World War I veterans, orphans and widows accounted for around 12% of the population of Greater Romania
The end of World War I left Romania on the victors' side, with double its previous territory and population. But the price paid for this triumph was dire, both during and after the war. Among the most challenging post-conflict realities were the veterans, orphans and widows the war had left behind. Collectively referred to under the acronym IOVR, the World War I veterans, orphans and widows accounted for around 12% of the population of Greater Romania. Public institutions worked to introduce reparations for them, and in spite of various dysfunctions, the new government managed to compensate, as much as possible, the losses these people had suffered.
Our guest today is Maria Bucur, a history and gender studies professor with Indiana University, in Bloomington, USA. She wrote about the history of eugenics, about war and memory, modernisation and citizenship. She argues that the IOVR population shaped new attitudes and radically transformed the concept of citizenship in Greater Romania:
Maria Bucur: "The Romanian state was transformed radically by the decisions made with respect to the war veterans, widows and orphans, both in terms of new institutions or new responsibilities for some institutions, of new local and national policies, and, more importantly, in terms of the citizenship rights that a major proportion of Romania's population obtained after 1919. These forces, working together, generated a new public rhetoric on citizenship, new expectations among Romanian citizens, and new responsibilities undertaken by the state. The success or failures of the new policies generated new dynamics in the political and civic field."
Unfortunately, the exact number of war veterans, orphans and widows remains unknown to this day. Maria Bucur offers an explanation:
Maria Bucur: "Since the country had almost doubled after the war, the veterans in the territories that were now part of Romania by virtue of the peace treaties became veterans of the Romanian state. We don't have an exact number for them, because the countries to which the territories in question belonged prior to the war did not necessarily count the veterans, as Romania did, and they did not release official statistics on the veterans, widows and orphans in those territories. The figures we have today are early 1920s estimates. In the mid-1930s, when a central committee was finally set up to check these figures, its members concluded that the statistics were incomplete. My own estimate is that Romania had around 1.5 million veterans, over 200,000 of whom were war invalids according to the definition used in those times, and that adding to these were 700,000 widows and orphans."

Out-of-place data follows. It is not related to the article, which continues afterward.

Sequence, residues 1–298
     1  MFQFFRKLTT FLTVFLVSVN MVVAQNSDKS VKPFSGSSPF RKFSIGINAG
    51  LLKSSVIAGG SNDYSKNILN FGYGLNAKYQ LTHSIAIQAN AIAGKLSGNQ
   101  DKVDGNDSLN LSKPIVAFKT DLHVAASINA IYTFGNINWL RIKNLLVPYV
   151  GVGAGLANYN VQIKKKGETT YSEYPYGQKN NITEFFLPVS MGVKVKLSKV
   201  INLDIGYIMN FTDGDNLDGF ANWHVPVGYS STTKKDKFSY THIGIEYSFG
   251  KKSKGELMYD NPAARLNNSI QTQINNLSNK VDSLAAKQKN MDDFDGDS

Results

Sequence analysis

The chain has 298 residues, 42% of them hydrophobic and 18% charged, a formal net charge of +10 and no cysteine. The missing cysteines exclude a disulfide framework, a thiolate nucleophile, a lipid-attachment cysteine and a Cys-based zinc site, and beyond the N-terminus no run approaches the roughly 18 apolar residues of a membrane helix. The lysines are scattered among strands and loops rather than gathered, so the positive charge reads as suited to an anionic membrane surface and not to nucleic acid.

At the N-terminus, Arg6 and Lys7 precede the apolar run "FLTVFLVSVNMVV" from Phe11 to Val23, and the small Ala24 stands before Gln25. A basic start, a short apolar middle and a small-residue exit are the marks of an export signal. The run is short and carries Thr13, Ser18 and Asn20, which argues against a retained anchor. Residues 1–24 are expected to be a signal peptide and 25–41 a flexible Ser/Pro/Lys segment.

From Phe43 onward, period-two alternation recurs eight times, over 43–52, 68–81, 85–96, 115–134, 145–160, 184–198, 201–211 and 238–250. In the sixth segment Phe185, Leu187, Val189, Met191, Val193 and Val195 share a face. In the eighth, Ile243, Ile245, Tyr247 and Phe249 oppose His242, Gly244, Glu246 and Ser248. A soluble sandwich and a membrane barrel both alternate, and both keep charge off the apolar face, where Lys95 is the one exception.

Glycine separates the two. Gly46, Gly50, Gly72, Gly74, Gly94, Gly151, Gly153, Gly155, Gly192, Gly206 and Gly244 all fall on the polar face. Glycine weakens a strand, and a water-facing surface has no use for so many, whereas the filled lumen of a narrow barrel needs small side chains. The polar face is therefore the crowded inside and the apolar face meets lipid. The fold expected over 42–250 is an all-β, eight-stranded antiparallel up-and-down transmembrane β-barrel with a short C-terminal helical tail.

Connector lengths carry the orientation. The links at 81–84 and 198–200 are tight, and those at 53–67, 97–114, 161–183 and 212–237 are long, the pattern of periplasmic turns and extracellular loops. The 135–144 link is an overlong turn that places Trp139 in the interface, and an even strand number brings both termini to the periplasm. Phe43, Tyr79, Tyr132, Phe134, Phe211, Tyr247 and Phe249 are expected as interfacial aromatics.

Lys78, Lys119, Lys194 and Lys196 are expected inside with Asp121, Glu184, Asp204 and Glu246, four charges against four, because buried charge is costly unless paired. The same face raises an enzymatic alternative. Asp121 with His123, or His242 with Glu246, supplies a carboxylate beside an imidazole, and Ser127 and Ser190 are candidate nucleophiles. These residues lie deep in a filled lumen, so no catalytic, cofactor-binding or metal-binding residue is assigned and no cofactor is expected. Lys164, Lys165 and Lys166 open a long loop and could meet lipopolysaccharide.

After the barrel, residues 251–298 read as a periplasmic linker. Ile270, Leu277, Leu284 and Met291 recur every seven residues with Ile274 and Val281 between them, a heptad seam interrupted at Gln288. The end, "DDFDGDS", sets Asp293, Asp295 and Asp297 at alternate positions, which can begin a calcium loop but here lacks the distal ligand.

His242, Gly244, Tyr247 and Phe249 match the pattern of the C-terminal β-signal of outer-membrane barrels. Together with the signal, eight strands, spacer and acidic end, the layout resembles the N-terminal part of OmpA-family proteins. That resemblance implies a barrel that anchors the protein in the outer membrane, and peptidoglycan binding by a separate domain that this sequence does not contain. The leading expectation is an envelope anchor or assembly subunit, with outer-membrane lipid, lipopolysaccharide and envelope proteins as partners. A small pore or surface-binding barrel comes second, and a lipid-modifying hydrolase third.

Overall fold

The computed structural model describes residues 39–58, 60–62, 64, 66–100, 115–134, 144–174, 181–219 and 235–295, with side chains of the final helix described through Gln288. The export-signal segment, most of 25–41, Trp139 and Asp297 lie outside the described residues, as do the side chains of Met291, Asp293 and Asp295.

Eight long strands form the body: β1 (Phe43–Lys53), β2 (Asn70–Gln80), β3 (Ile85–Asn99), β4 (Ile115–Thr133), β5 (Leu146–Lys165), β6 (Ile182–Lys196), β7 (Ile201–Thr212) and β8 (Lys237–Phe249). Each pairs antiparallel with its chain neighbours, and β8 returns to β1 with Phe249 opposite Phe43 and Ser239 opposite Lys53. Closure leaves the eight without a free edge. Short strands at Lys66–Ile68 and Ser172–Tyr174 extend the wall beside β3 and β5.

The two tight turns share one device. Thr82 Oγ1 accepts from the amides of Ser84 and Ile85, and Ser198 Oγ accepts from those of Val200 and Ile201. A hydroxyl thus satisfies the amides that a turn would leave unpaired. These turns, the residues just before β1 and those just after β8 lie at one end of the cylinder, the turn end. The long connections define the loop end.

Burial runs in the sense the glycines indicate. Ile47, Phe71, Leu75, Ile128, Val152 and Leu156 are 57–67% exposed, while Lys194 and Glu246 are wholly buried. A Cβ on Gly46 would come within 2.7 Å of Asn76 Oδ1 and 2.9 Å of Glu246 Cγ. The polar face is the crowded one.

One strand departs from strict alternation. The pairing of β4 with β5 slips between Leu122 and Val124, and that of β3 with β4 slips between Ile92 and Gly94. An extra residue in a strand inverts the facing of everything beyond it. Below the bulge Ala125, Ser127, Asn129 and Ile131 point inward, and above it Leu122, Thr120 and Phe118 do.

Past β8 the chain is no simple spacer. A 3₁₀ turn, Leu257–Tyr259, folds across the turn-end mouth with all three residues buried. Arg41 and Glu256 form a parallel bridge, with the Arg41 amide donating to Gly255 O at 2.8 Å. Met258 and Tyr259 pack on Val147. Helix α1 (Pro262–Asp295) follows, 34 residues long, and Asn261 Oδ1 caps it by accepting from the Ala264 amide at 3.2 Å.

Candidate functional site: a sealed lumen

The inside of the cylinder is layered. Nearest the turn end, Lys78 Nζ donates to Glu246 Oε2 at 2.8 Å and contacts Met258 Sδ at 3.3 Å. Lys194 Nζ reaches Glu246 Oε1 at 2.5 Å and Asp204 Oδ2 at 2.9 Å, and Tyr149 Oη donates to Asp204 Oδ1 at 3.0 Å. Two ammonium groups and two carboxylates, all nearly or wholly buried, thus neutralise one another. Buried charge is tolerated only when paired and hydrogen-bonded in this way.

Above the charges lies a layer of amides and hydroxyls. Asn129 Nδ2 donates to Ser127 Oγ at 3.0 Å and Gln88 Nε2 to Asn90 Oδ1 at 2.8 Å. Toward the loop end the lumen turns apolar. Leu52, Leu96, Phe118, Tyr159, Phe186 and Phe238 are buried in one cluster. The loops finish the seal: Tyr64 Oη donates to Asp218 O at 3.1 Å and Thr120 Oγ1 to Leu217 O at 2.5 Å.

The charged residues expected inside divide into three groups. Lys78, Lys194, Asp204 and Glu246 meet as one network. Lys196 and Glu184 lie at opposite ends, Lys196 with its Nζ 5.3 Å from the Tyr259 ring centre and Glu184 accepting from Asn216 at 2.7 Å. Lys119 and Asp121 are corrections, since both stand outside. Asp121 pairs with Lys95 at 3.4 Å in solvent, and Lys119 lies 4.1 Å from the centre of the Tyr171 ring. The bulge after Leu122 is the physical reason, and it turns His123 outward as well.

How did Greater Romania show its appreciation for its WWI veterans, orphans and widows? Maria Bucur says reperation policies were, overall, adequate:
Maria Bucur: "We should emphasise that Romania was in fact more generous than any other country involved in WWI. Apart from pension benefits, the law offered free public education, free healthcare, free railway transportation, free firewood and priority positions in the distribution of land following the land ownership reform. In addition, veterans were given priority access to certain government monopoly areas, such as newsstands in train stations, and priority access to certain positions in public institutions. For instance, the staff in the IOVR offices were mainly war veterans and widows. All these benefits together amounted to a lot more than the ones provided by the French government, for instance, which was always a major model for Romania."
The law concerning the IOVR population was known as the "Gratitude Law," and it applied without discrimination to both the old and the new citizens of the country:
Maria Bucur: "First of all, the country was grateful not only to the soldiers who had fought for Romania on the home front. Those who had fought against Romania were given exactly the same rights, provided that they explicitly embraced their Romanian citizenship and loyalty to the Romanian state. And I would like to emphasise that such policies were not applied for instance in Yugoslavia, where Croatians were not given the same rights as the Serbian veterans."
Maria Bucur believes there are additional explanations for Romania's generosity to former enemies:
Maria Bucur: "This generosity on the part of the Romanian government may also be viewed in pragmatic and aspirational terms. On the one hand, many Romanian ethnics had fought in the Austrian-Hungarian army out of necessity. Not integrating these veterans in the IOVR policies would have created a radical division between the new territories and the Old Kingdom, which all politicians understood would be a mistake. Another pragmatic aspect had to do with the treaty on minorities, which Romania had to comply with. In aspirational terms, I see the IOVR legislation as a framework as well, one through which the Parliament of Romania sought to outlike a new type of engaged citizenship, a lot closer to public institutions through the benefits offered to the IOVR population."
The Romanian WWI veteran reparation model was designed to compensate for losses and to secure peace. And in spite of some failures, this ambitious enterprise was successful. (AMP)